BSRIA’s ‘Building Energy Management Opportunities’ report, issued at the end of 2014, predicts that the global market for building energy management systems will reach $7 billion (just over £4.5 billion) by 2020 – double its current size.
This is of course good news for the building controls sector. In Europe, the main drivers have been a rise in the costs of energy, along with increasing legislation to lower energy use and carbon emissions in the building stock.
Energy efficiency is now a key objective for the EU. The BSRIA report states: “Even a Europe which has been in or near recession for more than five years continues to invest in energy efficiency.” Businesses are gradually coming around to the view that saving energy is not simply about corporate social responsibility, but that it also impacts directly on the bottom line. Even if energy is only 10% of your annual overheads as a business, if you could save half of that amount it’s worth doing.
Another phenomenon which is going to affect the building energy management systems market is the Internet of Things. Components within buildings that are capable of communicating data provide the ability to track building performance in detail. This is changing the market for BEMS, in that new suppliers are coming from the IT sector to offer analysis tools that tap into the IoT.
So we are in a growing and changing market that is full of opportunities. But at the same time, we need to focus on what customers really want, and that’s value for money with measurable returns on their investment.
Take the public sector which is traditionally construction’s largest client. Examine any government report on construction from the last decade and the phrase ‘value for money’ will leap out from almost every page. The private sector is looking for the same thing. Clients want to know that investment in controls and BEMS will make their building easier to run, energy efficient and more valuable in the long term. The potential market may be big, but controls still need to prove their value.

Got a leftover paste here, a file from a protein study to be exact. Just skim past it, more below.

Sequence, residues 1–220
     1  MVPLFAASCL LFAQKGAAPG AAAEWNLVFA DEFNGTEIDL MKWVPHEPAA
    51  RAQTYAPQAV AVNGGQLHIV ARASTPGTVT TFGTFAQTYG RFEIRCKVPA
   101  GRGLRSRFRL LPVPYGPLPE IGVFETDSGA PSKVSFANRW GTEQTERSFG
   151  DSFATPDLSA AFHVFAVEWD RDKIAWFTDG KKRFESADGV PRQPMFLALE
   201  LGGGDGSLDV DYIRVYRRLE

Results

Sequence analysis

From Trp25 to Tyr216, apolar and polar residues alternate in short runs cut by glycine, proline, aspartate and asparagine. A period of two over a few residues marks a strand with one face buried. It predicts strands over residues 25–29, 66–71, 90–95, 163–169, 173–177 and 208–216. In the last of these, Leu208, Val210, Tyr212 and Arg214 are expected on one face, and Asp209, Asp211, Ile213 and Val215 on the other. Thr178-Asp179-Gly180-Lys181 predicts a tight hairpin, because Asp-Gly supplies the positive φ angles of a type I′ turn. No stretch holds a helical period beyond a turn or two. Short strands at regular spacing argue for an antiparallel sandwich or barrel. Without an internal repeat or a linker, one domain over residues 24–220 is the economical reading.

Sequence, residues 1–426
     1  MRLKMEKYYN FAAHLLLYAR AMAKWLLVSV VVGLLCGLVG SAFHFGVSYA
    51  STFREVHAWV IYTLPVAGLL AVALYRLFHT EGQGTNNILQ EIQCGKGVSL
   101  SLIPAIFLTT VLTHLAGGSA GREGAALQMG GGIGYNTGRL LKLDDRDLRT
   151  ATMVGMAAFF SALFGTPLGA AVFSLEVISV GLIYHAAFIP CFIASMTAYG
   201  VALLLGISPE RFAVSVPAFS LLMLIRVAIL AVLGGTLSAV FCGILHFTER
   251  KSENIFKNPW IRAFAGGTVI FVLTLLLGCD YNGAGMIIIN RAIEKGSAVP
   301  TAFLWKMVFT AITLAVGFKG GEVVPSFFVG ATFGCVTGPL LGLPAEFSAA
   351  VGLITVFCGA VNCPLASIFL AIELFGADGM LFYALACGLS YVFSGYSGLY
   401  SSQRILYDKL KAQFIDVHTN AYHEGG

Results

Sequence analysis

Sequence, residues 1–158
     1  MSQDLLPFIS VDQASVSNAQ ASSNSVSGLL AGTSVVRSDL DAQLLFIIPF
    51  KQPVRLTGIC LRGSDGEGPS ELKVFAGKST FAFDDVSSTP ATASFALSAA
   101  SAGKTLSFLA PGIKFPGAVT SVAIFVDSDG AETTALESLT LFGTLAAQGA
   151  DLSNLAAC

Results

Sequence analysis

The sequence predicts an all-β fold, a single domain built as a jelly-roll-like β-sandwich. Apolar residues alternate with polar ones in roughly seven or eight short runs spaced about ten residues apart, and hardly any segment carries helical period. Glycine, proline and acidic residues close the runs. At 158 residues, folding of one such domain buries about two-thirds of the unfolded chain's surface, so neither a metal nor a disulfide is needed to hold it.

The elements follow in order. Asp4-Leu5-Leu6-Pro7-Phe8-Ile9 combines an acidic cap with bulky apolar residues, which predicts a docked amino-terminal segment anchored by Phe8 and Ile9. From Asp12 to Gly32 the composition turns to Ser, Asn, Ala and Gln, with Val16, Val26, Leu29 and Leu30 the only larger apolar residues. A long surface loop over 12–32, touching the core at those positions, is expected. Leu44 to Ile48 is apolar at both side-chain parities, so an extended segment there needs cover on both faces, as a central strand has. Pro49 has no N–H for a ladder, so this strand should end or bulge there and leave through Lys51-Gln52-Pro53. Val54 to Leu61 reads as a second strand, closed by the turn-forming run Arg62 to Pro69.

Unfortunately, the term ‘value for money’ is all too often interpreted as a reason to cut capital expenditure. All of us in building services know that approach leads almost inevitably to increased long-term operational costs. It is a difficult challenge to overcome this view.
For example, the government’s report on the construction industry, ‘Vision for 2025’ states that it aims to reduce by 33% “the initial cost of construction and the whole life cost of built assets.” Sometimes it seems that the emphasis is very much on the first part of that objective, rather than the second.
Suppliers to the construction industry need to push for greater recognition that value and price are not the same when it comes to building performance. If public and private sector clients are looking to take advantage of the latest controls technologies, then lifetime value has to be the focus of any cost calculations.
The building controls sector could face such scrutiny with confidence. The BS EN15232 Standard (which has been discussed at length in this column) clearly demonstrates the long-term energy savings that can be made with different levels of investment in controls and BEMS. The BCIA has been promoting the Standard to clients and its own members, so that there can be a common understanding of ‘value for money’ when it comes to our sector’s products and services.
The building services sector is already aware of how important it is to prove value for money – manufacturers and installers have been doing this for many years.
But we also need to work together to ensure that others in the supply chain pay closer attention to that phrase ‘whole life cost of built assets’. The BCIA worked with the B&ES in 2014 on a joint conference to address that very issue – an important statement of cooperation between our organisations.
Moving away from cost-first pricing is the only way that clients are going to see the real value of our products and services in more efficient buildings; and the best way for the EU to achieve its energy-saving goals.
This feature was published in the February 2015 issue of Building Services & Environmental Engineer (BSEE). If you would like to commission a similar feature please contact Karen Fletcher.